Welcoming Dr Teresa Rayon as new, cross-programme group leader

Welcoming Dr Teresa Rayon as new, cross-programme group leader

Key points:
•    Dr Teresa Rayon is the second group leader appointed across two strategic programmes; Epigenetics and Signalling. 
•    Dr Rayon joins from the Francis Crick Institute where she was a postdoctoral researcher.
•    Dr Rayon and her team will investigate the molecular mechanisms that control developmental timing.

The Institute is excited to welcome Dr Teresa Rayon as the latest group leader to join the Institute. Dr Rayon will be jointly working across the Signalling and Epigenetics research programmes to further our understanding of developmental timing. 

Dr Simon Cook, Interim director, said “I am delighted to welcome Teresa to the Institute. Her work has been key to understanding the precisely orchestrated timing of development and the impact that timing has on lifespan. Sitting across the Signalling and Epigenetics programmes, Teresa will be perfectly placed to bring together complementary elements of our research.”

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“I am thrilled to be starting my research group at the Babraham Institute. The joint appointment offers a unique environment to develop our research and combine the strengths of the Epigenetics and Signalling programs. I am looking forward to performing the first experiments and use the amazing facilities at the Institute.” Tesesa commented.

Teresa’s previous research characterised the development of the human spinal cord using single-cell transcriptomics, identifying human specific elements but also showing that similarities with mouse cells confirm their use as a reasonable model for the field (Rayon et al. 2021). She has also uncovered links between protein stability and species-specific developmental timing (Rayon et al. 2020). 

The Rayon lab will use flow cytometry, imaging, and genome-wide approaches to identify the molecular mechanisms behind the timing of development. Teresa will also investigate the possibility of using targeted manipulation of developmental processes to develop clinically relevant cell models with uses in human assisted reproduction and regenerative medicine.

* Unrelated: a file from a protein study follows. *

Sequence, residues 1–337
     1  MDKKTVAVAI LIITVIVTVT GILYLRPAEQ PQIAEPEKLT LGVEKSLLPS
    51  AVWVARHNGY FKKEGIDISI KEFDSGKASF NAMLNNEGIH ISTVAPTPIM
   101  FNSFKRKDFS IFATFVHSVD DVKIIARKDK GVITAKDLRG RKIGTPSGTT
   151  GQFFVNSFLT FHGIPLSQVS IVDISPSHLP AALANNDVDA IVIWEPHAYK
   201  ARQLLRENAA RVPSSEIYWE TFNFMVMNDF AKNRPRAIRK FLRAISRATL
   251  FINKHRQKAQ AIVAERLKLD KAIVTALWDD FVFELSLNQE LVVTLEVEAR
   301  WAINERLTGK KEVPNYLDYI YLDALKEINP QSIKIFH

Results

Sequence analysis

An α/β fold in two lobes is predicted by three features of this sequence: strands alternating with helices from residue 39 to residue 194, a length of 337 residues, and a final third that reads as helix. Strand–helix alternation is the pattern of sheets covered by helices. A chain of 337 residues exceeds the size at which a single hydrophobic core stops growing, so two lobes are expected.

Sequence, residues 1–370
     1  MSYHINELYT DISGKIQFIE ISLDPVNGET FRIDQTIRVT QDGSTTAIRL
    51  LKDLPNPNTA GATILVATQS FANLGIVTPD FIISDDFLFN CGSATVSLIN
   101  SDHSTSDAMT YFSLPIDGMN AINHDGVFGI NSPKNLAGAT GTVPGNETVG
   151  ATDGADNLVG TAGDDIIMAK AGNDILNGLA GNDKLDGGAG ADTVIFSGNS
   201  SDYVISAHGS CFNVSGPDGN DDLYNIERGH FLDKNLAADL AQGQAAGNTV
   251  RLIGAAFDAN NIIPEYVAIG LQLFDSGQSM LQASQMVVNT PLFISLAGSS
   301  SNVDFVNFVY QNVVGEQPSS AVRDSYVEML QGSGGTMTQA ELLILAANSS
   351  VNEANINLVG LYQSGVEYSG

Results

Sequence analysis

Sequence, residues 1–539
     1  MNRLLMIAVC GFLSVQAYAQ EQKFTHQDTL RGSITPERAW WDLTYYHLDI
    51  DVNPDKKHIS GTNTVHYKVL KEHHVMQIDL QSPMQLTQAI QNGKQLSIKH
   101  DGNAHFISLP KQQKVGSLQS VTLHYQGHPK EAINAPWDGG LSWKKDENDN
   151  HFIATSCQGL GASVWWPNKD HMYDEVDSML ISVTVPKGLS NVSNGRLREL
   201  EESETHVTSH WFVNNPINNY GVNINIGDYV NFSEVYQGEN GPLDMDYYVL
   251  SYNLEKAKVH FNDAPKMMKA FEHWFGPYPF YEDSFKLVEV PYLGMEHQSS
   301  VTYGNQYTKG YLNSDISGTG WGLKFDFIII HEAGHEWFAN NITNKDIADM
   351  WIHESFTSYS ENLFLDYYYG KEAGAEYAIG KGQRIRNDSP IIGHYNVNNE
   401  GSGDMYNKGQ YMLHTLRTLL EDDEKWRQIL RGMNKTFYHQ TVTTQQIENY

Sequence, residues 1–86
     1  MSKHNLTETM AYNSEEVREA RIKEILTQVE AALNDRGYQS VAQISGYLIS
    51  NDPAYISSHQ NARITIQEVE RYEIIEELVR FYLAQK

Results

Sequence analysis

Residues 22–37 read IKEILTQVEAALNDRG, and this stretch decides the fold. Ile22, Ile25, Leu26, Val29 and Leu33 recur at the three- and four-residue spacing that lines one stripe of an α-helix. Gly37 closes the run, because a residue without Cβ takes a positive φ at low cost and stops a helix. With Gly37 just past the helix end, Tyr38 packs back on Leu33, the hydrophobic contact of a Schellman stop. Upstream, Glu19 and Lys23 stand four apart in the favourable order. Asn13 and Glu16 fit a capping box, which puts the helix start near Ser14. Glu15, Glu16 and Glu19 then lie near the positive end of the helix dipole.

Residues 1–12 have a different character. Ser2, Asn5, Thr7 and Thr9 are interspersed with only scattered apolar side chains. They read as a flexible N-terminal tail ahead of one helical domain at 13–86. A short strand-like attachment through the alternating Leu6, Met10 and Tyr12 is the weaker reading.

Teresa received her PhD from the Spanish National Centre for Cardiovascular Research (CNIC), where she studied lineage choices in the mammalian embryo. She joined Dr James Briscoe’s lab at the Francis Crick Institute in January 2016 supported by an EMBO postdoctoral fellowship. During this time Teresa investigated neural tube fate choices from single precursors and differences in transcriptional regulation between species. Earlier this year, Teresa received funding from the European Research Council to understand the molecular and metabolic mechanisms that control developmental timing. 

Notes

Press contact
Honor Pollard, Communications Officer, honor.pollard@babraham.ac.uk 

Image description: In vitro stem cell models

Additional/related resources:
Teresa’s group page
News, 3rd February 2022, Dr Della David appointed new group leader in the Signalling research programme
News, 10th January 2022, Dr Sophie Trefely joins the Institute as new group leader
News, 1st December 2021, Dr Philipp Voigt joins Epigenetics research programme
News, 5th July 2021, Welcoming Dr Ian McGough to the Signalling research programme

About the Babraham Institute
The Babraham Institute undertakes world-class life sciences research to generate new knowledge of biological mechanisms underpinning ageing, development and the maintenance of health. Our research focuses on cellular signalling, gene regulation and the impact of epigenetic regulation at different stages of life. By determining how the body reacts to dietary and environmental stimuli and manages microbial and viral interactions, we aim to improve wellbeing and support healthier ageing. The Institute is strategically funded by the Biotechnology and Biological Sciences Research Council (BBSRC), part of UK Research and Innovation, through Institute Strategic Programme Grants and an Institute Core Capability Grant and also receives funding from other UK research councils, charitable foundations, the EU and medical charities.

About BBSRC
The Biotechnology and Biological Sciences Research Council (BBSRC) is part of UK Research and Innovation, a non-departmental public body funded by a grant-in-aid from the UK government.

BBSRC invests in world-class bioscience research and training on behalf of the UK public. Our aim is to further scientific knowledge, to promote economic growth, wealth and job creation and to improve quality of life in the UK and beyond.

Funded by government, BBSRC invested £451 million in world-class bioscience in 2019-20. We support research and training in universities and strategically funded institutes. BBSRC research and the people we fund are helping society to meet major challenges, including food security, green energy and healthier, longer lives. Our investments underpin important UK economic sectors, such as farming, food, industrial biotechnology and pharmaceuticals.